Estimated reading time: 3 mins
A number of emails led me to write this article on communicating ‘Bad News’. This is a common issue in business, particularly in the western world where short-term results are king. Passing on information that is considered to be unwelcome fills a lot of people with angst and dread, so I want to address this phenomenon head on.
So why did I put the words in ‘quotes’? Well ‘Bad News’ is really just a concept. I think no news is ‘bad’ if it means that we can do something about it and make a change for the positive. The news may be ‘disappointing’, but I ask if you didn’t hear the news at all, wouldn’t that be worse?
I’m tackling this in two ways. One is to look at how such bad news is delivered and the other is looking at how it is received. I’ll then offer some advice on how to minimize the fallout from these situations by some stakeholder management.
Delivering ‘Bad News’
Delivering disappointing information is not easy, as it often involves the creation of negative energy in delivery. It’s often sugar-coated, that is, given in non-direct ways or wrapped up in other neutral news. Delivering disappointing news can be a mind game, and therefore stressful. Many people aren’t experienced enough and to be frank, resilient enough to cope with this pressure. What frequently results is avoidance or a mumbled, poorly delivered message.
However, it’s my opinion that disappointing news should be delivered straight and untainted – delivered with confidence. Communication, regardless of content, should be delivered unambiguously, clearly and concisely if it is to have the correct meaning. So why should disappointing content be any different?
Delivering disappointing news should also be delivered with context. Disappointing news should address the potential outcome as well as the problem itself. What I mean is that if, for example, a project will slip by a week, then the deliverer should discuss the implications, in this example describe the impact on other projects and the extra cost of manpower. Adding some commercial perspective is always advised should it be appropriate.
Delivering disappointing news also gives the deliverer an opportunity to offer alternatives or rectification activities to deal with the problem. Don’t be shy in doing this. Managers more often than not want solutions, not problems. Obviously any such opportunities need to be grounded, so some groundwork with colleagues might be necessary.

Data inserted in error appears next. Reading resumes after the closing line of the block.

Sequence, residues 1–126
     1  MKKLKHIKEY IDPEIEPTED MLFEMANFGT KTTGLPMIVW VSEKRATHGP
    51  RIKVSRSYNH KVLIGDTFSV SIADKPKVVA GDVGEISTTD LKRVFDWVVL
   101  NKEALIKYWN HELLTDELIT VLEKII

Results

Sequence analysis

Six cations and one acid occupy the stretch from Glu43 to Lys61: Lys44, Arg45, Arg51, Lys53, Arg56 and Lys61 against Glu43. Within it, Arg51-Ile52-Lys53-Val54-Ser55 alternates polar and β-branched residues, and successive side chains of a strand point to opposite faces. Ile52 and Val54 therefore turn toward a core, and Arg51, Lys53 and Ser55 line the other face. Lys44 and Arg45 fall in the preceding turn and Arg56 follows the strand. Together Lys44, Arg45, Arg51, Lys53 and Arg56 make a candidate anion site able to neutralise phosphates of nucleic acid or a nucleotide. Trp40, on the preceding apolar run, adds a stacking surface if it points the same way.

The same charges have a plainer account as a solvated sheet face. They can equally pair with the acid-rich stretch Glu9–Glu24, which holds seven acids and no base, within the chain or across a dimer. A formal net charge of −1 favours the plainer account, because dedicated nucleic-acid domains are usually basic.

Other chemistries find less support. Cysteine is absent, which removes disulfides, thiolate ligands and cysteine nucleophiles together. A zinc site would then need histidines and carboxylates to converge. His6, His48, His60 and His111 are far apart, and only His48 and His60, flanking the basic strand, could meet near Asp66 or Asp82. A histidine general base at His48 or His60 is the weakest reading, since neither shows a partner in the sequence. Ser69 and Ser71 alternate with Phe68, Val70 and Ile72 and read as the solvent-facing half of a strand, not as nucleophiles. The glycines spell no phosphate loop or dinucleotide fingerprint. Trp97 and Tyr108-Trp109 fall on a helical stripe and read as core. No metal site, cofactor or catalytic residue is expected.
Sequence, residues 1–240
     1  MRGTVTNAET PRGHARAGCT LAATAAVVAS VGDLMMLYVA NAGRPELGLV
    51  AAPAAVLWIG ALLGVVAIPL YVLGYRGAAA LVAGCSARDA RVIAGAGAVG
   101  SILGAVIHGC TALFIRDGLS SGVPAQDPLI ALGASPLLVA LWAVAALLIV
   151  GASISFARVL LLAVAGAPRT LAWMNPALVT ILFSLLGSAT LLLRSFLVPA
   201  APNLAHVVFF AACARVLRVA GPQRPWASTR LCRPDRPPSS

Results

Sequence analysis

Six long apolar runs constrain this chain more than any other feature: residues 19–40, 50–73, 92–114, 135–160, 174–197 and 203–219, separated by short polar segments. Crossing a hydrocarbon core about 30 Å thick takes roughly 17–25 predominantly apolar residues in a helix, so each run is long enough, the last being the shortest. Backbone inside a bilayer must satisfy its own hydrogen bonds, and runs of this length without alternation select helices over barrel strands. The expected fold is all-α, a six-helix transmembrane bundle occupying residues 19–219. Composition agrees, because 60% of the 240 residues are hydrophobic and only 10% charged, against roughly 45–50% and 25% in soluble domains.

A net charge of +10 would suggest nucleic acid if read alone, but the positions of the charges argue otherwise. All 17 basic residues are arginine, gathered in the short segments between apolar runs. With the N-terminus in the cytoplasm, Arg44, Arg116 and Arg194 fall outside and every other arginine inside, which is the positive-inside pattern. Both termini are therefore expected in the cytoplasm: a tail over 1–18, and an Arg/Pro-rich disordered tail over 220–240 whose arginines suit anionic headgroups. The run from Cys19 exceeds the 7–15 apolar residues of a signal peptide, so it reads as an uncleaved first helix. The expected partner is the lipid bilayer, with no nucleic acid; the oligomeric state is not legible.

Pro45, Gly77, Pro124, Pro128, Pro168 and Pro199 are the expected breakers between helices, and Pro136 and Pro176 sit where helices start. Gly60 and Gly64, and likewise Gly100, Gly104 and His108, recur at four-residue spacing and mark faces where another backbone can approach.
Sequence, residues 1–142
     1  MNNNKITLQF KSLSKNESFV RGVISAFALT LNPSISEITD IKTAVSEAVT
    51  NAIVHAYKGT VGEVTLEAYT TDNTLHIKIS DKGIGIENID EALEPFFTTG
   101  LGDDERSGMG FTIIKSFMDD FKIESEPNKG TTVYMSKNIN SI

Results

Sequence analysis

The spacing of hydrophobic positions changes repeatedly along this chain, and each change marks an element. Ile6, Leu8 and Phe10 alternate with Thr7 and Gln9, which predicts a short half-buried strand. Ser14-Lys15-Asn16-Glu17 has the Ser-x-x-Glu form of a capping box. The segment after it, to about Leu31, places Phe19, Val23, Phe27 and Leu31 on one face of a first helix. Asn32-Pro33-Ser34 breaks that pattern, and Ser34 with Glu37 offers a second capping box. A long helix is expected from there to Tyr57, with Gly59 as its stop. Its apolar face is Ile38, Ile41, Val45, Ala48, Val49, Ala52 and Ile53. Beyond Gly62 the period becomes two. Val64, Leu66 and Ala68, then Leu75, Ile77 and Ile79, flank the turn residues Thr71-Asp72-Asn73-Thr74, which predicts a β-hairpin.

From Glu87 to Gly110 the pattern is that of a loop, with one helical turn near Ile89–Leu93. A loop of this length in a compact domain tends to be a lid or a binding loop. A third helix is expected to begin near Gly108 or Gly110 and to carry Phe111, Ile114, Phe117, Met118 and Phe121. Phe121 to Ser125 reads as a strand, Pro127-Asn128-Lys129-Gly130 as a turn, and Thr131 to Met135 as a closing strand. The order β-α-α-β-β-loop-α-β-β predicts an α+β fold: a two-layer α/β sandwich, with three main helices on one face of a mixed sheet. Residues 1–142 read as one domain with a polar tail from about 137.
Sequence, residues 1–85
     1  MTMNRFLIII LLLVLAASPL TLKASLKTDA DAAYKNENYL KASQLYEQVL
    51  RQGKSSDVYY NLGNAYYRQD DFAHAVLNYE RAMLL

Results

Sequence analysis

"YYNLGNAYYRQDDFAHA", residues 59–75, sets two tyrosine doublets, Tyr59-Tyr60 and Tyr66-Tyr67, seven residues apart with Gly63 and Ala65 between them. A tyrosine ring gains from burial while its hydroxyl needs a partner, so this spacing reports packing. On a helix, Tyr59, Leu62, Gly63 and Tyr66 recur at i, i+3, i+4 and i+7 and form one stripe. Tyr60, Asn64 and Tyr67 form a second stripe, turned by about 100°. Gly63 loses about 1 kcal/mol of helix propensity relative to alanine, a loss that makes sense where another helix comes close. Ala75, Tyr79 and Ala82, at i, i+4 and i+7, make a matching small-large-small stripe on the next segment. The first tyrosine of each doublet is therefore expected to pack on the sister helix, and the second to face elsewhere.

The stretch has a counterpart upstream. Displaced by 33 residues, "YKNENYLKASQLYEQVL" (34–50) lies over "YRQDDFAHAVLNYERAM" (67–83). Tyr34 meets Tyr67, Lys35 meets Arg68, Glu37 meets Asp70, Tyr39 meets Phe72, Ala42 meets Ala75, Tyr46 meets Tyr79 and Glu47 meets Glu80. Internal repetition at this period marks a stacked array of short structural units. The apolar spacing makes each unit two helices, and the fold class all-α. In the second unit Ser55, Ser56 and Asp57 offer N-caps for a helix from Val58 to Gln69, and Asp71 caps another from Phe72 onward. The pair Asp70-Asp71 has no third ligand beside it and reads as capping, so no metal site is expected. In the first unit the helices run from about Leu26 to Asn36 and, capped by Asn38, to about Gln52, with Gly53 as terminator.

In the end, delivering disappointing news is a facet of ones responsibility. So it must be done with responsibility. A poorly delivered, watered down message doesn’t show this responsibility and could ones credibility.
Receiving ‘Bad News’
Receiving disappointing news is part of communication. It’s also part of ones responsibility. So often I’ve seen tempers flare and toys thrown out of the proverbial cot. It’s also a mind game and like the delivery, some folk are not always experienced enough to cope with receiving disappointing news. Some managers quite honestly see this as an opportunity to impress their positional power or exert some bullying tactics. Never have I seen this be fruitful in the long run.
Receiving disappointing news, in some ways, is a gift. It’s a means of getting information that challenges or confirms assumptions or ideas. Disappointing news can avert disaster. If you can see it that way then you have can create positive energy to overcome the problem. I am not advocating ‘being soft’, or overly tolerant of failure. I’m also not advocating being OK with incompetence. However dealing with those things is part of the solution.
If you have disappointing news that needs to be communicated, then have a clear message, understand the implications of it and think of ways to overcome the problem. Validate any facts. And then pause for thought. A key bit of advice is to ‘socialize’ the news first before taking this formal. E.g. try taking the news to your manager one on one rather than delivering it around a meeting table. This will avoid potential embarrassment! Open a discussion rather than an argument. Despite what I’ve written above about receiving bad news, your manager might not have read it! Think about a potential way of engaging with the receiver in an environment where any outburst of negative energy is contained.
I’m hoping this article helps you deal with these tricky situations. If you’d like to discuss this with me then email me on firstname.lastname@example.org